Economic theory holds that removing trade barriers among nations should increase global wealth. But the proposed 12-nation Trans-Pacific Partnership that Congress must soon give a straight up-or-down vote threatens our liberties as Americans and is likely to add almost nothing to U.S. economic growth. I have been a longtime critic of the agreement, especially since WikiLeaks obtained a draft of its intellectual property provisions, showed a clear bias in favor of corporations. Since Washington made the text public in October I have come to see some very real benefits in the agreement — but not nearly enough to warrant making it the law of the land. What I see now is a pact that would make government subservient to corporations, posing a real threat to freedom and self-governance. Read
In Episode 86, David Crowe interviews David Christopher of OpenMedia.ca about a variety of media issues, including net neutrality, government warrantless eavesdropping on everyone’s communications, media ownership concentration, and how the Trans-Pacific Partnership (TPP) will negatively affect internet users. OpenMedia.ca is similar to the Electronic Freedom Foundation (EFF) in the United States, and many of the issues are similar.
Since the interview is relatively short, and David (Crowe) didn’t manage to get into the important media issue of freedom of speech, on the internet, or elsewhere, he continues by discussing it. The backlash against a white human rights journalist who photoshopped her face into different races and cultured. The irony of jargon of people who claim to be excluded actually excluding others from participating in discussions. Why the “Je suis Charlie Hebdou” activists are very selective about what kind of speech they rally to protect.
Finally, David addresses some environmental issues: Are tens of thousands of coal jobs more important than neurological coal pollutants? Can milk contaminated with pesticides cause Parkinson’s? What’s happening with the water in Flint, Michigan?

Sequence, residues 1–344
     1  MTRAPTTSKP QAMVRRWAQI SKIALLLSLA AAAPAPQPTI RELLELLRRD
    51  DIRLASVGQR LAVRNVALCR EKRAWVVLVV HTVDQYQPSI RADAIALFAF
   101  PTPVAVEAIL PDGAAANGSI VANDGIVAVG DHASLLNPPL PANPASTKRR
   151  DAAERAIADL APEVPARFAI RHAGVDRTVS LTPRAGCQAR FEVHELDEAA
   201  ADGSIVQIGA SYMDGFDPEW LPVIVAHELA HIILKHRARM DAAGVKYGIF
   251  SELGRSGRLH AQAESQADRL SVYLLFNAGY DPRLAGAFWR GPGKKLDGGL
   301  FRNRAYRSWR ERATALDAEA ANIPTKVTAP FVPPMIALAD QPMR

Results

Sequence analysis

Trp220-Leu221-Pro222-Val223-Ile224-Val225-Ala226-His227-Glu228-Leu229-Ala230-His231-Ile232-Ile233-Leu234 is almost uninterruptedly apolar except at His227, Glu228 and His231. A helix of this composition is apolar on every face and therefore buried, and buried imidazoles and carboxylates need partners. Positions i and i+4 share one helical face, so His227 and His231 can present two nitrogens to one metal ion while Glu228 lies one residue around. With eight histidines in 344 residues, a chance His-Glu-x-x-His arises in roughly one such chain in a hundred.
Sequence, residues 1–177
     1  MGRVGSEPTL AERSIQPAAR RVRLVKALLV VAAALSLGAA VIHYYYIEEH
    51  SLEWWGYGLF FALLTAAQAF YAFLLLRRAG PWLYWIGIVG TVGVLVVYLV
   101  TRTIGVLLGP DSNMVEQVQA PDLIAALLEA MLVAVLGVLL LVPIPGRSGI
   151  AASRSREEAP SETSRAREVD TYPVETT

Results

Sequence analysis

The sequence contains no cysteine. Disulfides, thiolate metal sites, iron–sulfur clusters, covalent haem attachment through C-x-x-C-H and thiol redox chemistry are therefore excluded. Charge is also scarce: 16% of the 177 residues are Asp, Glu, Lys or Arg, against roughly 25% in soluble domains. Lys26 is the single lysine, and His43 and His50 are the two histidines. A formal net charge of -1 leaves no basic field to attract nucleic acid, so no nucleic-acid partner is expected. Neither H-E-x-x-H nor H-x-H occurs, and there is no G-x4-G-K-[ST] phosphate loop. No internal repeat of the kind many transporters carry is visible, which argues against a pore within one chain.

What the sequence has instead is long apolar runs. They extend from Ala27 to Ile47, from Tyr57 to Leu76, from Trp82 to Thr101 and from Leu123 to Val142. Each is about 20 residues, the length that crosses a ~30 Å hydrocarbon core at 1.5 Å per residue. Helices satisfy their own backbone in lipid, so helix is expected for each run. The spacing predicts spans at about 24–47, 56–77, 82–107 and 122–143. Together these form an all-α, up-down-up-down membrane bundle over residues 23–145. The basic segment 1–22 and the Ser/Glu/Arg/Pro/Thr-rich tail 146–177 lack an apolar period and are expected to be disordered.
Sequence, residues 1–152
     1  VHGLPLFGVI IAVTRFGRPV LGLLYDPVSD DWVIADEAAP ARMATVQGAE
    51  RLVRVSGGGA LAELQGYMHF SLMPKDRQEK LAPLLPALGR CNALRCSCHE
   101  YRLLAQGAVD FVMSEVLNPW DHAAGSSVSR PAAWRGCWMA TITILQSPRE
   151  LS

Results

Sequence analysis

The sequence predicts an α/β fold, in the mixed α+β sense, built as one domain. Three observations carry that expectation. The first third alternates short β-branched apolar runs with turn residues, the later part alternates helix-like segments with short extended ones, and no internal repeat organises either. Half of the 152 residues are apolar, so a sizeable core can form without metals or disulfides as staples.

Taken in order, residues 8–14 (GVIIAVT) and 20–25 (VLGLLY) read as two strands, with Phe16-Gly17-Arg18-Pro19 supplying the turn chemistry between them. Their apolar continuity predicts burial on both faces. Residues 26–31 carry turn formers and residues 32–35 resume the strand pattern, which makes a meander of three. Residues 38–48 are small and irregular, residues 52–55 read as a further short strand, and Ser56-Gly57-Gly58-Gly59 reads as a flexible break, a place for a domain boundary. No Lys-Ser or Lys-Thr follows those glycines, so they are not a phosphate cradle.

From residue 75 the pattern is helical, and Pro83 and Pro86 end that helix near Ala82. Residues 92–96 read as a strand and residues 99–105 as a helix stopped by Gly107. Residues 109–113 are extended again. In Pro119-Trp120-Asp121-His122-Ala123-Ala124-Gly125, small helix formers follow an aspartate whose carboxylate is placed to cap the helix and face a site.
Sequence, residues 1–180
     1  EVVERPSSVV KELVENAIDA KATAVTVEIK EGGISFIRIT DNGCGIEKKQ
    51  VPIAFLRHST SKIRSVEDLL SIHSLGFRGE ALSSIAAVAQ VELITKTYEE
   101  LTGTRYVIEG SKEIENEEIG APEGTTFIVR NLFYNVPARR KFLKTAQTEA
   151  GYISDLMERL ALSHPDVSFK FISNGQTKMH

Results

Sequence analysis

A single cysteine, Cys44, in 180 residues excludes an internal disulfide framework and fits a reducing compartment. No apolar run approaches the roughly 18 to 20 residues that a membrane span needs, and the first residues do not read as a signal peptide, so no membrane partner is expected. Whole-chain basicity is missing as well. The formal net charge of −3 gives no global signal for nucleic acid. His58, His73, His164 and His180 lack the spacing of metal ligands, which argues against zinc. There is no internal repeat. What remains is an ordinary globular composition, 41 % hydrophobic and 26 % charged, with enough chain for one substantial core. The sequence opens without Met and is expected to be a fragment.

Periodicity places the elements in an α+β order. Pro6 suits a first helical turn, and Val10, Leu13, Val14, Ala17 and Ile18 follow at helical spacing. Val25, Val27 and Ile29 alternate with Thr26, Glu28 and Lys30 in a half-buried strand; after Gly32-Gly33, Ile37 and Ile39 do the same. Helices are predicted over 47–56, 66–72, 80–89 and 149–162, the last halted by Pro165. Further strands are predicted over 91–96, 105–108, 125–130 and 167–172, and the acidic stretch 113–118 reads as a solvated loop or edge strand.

The resources David references can be found at: http://theinfectiousmyth.com/PRN-TIM/86.php
Many high-powered people and institutions say that deflation is threatening much of the world’s economy … China may export deflation to the rest of the world. Japan is mired in deflation. Economists are afraid that deflation will hit Hong Kong. The Telegraph reported last week: Read
One of the major purported selling points for the Trans-Pacific Partnership (TPP) is a supposed increase in new jobs as a result of the controversial trade deal. The deal involves 12 nations, including the U.S., Australia, Canada, New Zealand, Japan, Malaysia and more. However, two recent economic reports have contradicted the claims that jobs will increase. They have shown that, more than likely, the deal will lead to a loss of jobs. First there was a World Bank report that predicted that TPP would produce negligible boosts to the economies of the U.S., Australia, and Canada. TechDirt writes: So according to the World Bank’s figures, the U.S. will gain an extra 0.04% GDP per year on average, as a result of TPP; Australia an extra 0.07% annually, and Canada a boost of 0.12% per year. Read
The Trans-Pacific Partnership, agreed to on October 5, 2015 by the twelve participating countries, is likely to prove disastrous for the Latin American states—Chile, Mexico, and Perú—that have joined the pact up to now. Multinational economic interests based in the United States have exerted extraordinary influence over the accord, inserting language that will arguably serve to damage Latin American interests. Though the TPP has often been presented as a disinterested effort to stimulate basic economic growth and development in the Pacific Rim, the economic principles that underlay the TPP may instead serve to advance the interests of the world’s leading corporations. U.S. President Barack Obama promised in a statement that the TPP would slash over 18,000 foreign taxes that the U.S. faces for its exports. Despite being heralded as a path to prosperity for developing countries, eliminating protectionist measures in countries like Chile, Perú, and Mexico could prove to be very harmful. The great nineteenth century German economist Friedrich List argued that developed countries calling for expanded free trade in less developed countries is hypocritical as well as misleading. As List put it, “it is a very common clever device that when anyone has attained the summit of greatness, he